In the US, there is concern among state regulators, some veterinarians, as well as the general public over this establishment of a sort of “monopoly”. It is clear establishing a majority market share may allow Mars, Inc. to not only push fees ever higher, but essentially establish their own “standard of care”.  In California there exists an explicit conflict-of-interest, with corporations being allowed to own veterinary premises and practices. Due to these concerns, the California Veterinary Medical Board (CVMB OR VMB) undertook an evaluation of the current situation. In February of 2018, attorney Tara Welch of the Legal Affairs Division, Department of Consumer Affairs for the State of California provided a legal opinion (see page 85) to the California Veterinary Medical Board. To quote her opinion:

Current statuatory and reguatory law does not explicitly prohibit general corporate ownership or operation of a veterinary medical practice or influence over the standards of veterinary medicine practice

 “Accordingly, national corporations are purchasing veterinary premises, registering the premises in the corporate name, operating the veterinary practices housed at the premises, employing veterinarians as Licensee Managers of the premises, as well as general practitioners, and, ultimately, practicing the licensed profession of veterinary medicine. Such corporations have unlicensed officers who also manage the payroll department and negotiate employment agreements entered into between the general corporation and veterinarians and veterinary staff working at each premises. The employment agreements contain net revenue percentage incentives to sell the corporation’s animal care products,including vaccinations, flea treatments, vitamins, shampoos, dental products, and prescription pet foods and services, which may or may not be in the best interest of the animal. Consequently, these employment agreements, and the commission-based fee structures therein, create an environment where veterinarians may believe their employment is at risk if they are not selling the corporate animal care products and services to the client.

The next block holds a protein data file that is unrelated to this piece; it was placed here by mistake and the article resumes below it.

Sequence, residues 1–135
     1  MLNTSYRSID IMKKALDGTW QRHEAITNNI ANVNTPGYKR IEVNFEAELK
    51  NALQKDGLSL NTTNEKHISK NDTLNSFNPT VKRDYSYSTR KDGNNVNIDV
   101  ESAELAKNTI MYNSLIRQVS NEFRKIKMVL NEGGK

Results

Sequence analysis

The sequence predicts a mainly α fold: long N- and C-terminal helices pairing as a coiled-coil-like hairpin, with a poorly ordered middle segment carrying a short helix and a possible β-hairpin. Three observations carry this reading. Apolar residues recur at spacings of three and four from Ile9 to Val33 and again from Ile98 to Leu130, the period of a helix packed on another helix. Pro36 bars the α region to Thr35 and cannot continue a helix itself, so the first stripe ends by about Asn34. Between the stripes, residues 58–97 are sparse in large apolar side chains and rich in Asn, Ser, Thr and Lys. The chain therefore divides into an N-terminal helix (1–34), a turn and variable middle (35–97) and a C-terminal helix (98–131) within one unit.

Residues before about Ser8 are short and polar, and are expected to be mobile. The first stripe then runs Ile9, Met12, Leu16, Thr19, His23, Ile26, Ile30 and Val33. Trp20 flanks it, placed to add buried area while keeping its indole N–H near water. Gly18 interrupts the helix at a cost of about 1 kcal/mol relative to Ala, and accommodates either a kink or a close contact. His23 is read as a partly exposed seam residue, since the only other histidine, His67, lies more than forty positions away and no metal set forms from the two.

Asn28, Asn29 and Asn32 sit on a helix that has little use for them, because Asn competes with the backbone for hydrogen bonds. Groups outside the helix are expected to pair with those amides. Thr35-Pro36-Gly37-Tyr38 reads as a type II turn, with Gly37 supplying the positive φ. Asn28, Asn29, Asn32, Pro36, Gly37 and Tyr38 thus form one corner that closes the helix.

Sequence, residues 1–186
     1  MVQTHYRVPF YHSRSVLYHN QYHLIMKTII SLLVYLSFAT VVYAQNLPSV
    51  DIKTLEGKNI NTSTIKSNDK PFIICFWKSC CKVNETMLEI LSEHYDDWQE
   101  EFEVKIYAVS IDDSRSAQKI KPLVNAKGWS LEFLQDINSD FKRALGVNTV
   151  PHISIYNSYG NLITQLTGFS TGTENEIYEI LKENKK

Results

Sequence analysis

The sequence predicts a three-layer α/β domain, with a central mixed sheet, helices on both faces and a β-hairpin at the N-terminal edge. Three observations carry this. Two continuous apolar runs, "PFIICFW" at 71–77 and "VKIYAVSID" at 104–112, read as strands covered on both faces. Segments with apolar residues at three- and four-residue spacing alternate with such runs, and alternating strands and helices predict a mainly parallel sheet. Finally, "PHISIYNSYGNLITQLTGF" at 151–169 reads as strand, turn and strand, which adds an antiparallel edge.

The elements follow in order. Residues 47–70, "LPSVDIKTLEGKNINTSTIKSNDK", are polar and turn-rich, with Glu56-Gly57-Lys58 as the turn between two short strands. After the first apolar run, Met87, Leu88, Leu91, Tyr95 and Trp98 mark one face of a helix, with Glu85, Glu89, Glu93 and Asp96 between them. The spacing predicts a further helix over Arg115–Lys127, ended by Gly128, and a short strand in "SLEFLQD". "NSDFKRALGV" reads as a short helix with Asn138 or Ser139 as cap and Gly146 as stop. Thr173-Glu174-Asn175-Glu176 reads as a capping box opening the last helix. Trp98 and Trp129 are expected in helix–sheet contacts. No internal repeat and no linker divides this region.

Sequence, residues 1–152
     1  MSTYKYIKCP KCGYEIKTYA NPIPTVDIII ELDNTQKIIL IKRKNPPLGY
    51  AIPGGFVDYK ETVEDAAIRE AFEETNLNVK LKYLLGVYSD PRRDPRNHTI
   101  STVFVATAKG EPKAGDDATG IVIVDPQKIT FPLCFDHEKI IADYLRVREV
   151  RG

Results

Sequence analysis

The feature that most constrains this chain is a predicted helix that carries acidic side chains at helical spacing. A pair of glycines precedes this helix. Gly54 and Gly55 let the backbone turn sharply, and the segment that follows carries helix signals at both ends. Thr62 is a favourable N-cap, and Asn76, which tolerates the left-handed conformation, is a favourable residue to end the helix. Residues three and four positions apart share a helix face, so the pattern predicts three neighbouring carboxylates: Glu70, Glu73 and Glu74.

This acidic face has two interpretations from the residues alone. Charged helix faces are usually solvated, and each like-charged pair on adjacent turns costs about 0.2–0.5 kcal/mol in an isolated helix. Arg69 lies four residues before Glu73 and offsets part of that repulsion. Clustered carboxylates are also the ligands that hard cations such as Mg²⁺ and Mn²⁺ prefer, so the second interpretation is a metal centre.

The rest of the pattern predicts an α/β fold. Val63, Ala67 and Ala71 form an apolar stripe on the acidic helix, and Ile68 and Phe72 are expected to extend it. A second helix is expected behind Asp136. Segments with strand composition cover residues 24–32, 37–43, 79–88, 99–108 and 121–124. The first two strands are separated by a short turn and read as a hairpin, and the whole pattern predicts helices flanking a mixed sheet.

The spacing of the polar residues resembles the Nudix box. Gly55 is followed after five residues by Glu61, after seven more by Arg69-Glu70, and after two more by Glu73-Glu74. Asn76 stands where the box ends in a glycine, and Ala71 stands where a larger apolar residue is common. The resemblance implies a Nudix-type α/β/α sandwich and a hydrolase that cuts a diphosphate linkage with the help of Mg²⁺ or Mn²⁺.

“In addition, veterinarians who own a veterinary practice may enter into contracts for the provision of management services that may be provided by the corporate premises owner, outside management services organizations, or even as corporate partners in the veterinary practice. These arrangements also potentially allow for corporate control over veterinary medical practice.”

Attorney Welch went on to propose a number of administrative rules/regulations intended to conservatively remedy the problems presented within California law.

On March 21, 2019, Animal Policy Group (APG), whose clients include MARS and Zoetis, provided a letter to the Veterinary Medical Board stating the proposed administrative rules to clarify and restrict corporate practices in California were unnecessary based upon current protections in the Veterinary Medicine Practice Act (Practice Act). In summary, the letter asserted the concerns raised in the February 2018 legal opinion as being speculative with no evidence.